Moreover, within the exact timestamp of June 2019 to June 2020, there were three significant data breaches within the healthcare sector. On July 1 of 2019, Optum360 LLC. reported a breach affecting 11,500,000 individuals and days later, July 15 of 2019, Clinical Pathology Laboratories Inc. also reported a breach that affected 1,733,836 individuals. Both breaches were the result of an attack/ hack of their IT Network Servers. Additionally, on February 5 of 2020, Health Share of Oregon declared a data breach that affected 654,362 individuals due to a laptop theft (Schmeelk et al., 2021).
The seriousness of these concerns is seen in figure 2, which highlights the number of U.S. residents affected by healthcare data breaches between 2014 to 2019. As reflected, 113.2 million U.S. residents were affected by cyberattacks in 2015. In 2020, surprisingly, only 23.5 million affected U.S. residents were impacted by cybercriminals’ acts, despite the Covid 19 pandemic (Johnson, 2021). Nevertheless, this is still a substantially large number of individuals affected as result of data breaches in the healthcare sector. 

Figure 2

The number of U.S. residents affected by health data breaches from 2014 to 2019, in millions (Johnson, 2021).

MedStar Health’s Data Breaches 

Over the last six years, MedStar Health faced three major data breaches that have heightened concerns surrounding the organization’s cybersecurity posture. The data breach of 2016 left 10 MedStar Health hospitals and 250 outpatient centers in the Washington DC and the Maryland area at a standstill. Their entire infrastructure was victim to the ransomware attack. According to the Indian Health Services (IHS), 7,500 individuals were affected by this 2016 data breach, and a ransom of USD 19,000 was requested –which was not paid. The 2019 cyber threat came from an internal error that leaked “sensitive personal information of residents to a class of new intern physicians” (MedStar Health, 2019). This case was handled internally, and there are no reports of any further damage caused by this internal threat. Finally, according to OCR, on September 25, 2020, 668 individuals were affected by a network data breach, categorized as an I.T./ Hacking incident, at MedStar Health. Unfortunately, there was no additional information posted online concerning this breach, as it is currently filed under the OCR section of presently under investigation.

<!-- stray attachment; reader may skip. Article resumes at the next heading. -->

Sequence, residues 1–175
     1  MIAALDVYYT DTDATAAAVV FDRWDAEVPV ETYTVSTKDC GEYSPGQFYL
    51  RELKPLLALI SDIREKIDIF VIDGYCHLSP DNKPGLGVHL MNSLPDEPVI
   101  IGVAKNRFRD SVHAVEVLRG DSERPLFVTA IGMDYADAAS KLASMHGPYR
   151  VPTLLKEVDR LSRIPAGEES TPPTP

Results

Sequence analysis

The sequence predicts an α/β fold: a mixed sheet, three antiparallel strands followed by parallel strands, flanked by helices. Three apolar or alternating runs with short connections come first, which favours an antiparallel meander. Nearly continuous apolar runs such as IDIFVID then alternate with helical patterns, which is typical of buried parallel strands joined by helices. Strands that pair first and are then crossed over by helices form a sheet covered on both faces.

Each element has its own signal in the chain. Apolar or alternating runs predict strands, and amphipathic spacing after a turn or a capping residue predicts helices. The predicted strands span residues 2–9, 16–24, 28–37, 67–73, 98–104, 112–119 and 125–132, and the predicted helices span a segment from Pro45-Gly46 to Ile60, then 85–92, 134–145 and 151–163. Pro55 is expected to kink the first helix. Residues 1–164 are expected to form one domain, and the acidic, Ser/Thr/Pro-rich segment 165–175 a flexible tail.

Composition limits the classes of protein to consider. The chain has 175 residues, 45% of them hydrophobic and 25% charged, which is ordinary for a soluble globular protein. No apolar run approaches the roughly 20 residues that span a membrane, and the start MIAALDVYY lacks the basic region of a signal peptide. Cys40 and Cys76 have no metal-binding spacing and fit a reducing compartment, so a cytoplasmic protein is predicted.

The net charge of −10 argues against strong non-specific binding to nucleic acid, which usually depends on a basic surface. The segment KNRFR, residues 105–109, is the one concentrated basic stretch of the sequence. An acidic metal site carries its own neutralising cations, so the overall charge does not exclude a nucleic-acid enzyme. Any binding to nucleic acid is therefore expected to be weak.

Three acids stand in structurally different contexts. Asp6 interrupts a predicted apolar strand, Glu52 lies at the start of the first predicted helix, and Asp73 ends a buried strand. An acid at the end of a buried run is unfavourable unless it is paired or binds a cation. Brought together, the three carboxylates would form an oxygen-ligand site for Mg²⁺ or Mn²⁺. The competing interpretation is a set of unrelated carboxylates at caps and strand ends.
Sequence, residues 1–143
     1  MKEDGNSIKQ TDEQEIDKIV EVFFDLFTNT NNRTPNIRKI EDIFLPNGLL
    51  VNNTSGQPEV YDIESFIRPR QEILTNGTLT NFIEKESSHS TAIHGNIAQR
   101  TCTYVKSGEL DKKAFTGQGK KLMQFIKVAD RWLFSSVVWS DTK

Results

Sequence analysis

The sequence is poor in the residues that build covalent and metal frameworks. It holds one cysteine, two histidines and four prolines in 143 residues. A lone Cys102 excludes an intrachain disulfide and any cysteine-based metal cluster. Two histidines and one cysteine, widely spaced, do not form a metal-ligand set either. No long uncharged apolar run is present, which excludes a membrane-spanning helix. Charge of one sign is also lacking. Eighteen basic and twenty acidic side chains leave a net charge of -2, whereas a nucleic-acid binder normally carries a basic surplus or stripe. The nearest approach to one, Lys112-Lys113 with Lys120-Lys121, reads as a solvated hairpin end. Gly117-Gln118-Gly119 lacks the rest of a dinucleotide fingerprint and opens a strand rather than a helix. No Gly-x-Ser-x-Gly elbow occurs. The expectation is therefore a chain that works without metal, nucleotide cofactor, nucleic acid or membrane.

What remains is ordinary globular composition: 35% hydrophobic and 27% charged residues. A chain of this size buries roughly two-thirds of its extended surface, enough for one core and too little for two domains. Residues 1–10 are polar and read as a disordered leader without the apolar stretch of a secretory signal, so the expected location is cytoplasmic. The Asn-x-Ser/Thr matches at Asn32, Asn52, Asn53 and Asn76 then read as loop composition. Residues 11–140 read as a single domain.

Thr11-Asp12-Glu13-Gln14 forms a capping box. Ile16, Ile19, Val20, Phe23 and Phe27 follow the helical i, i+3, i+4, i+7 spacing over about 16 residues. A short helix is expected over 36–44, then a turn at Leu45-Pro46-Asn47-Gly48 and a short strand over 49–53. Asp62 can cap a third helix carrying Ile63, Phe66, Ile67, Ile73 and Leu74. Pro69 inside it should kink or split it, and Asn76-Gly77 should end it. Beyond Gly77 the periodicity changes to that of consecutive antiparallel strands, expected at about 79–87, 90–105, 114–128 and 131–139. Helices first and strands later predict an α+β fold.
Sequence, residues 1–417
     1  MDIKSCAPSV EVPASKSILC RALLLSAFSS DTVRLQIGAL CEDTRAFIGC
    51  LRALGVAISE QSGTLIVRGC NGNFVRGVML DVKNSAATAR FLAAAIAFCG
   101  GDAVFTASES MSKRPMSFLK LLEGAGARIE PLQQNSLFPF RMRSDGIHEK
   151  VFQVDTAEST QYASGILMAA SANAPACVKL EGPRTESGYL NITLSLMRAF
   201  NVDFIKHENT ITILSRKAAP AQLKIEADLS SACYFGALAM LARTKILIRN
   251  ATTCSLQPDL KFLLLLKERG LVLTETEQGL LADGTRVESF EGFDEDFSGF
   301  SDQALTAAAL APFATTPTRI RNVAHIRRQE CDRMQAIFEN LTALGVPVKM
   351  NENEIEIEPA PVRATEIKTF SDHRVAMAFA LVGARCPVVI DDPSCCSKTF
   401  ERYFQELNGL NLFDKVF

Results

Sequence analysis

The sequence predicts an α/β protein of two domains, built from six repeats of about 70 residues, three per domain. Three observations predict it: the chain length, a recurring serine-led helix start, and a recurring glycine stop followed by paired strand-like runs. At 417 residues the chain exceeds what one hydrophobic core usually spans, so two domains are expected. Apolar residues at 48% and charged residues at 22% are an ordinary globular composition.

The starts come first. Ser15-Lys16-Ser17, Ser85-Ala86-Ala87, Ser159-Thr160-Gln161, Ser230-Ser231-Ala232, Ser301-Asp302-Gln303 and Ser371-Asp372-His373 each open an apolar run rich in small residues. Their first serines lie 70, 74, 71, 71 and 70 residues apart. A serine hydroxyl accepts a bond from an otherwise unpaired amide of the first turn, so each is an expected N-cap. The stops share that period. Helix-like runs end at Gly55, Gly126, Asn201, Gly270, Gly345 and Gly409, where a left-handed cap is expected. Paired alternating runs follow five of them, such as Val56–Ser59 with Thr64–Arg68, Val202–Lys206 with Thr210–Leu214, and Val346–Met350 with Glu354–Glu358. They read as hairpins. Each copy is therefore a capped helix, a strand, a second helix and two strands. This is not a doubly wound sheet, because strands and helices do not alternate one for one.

In the age of technological advancements, preparedness is vital when facing the daunting reality of the capabilities embodied by cybercriminals. MedStar, along with many other medical facilities, learned this truth the hard way with the implementation of electronic health records. Craig DeAtley, the organization’s director of emergency management, commented on the need for better preparations in light of the 2016 data breach in an interview. He said, “[w]e were practiced at individual workarounds, but we had never really rehearsed losing everything, much less all at once, … [Y]ou need to exceed your comfort level to prepare for a problem this vast” (Hall, 2016). MedStar Health and healthcare providers need to keep up with modern cybersecurity practices, regular cyber awareness training, and up-to-date system infrastructures to embody this readiness.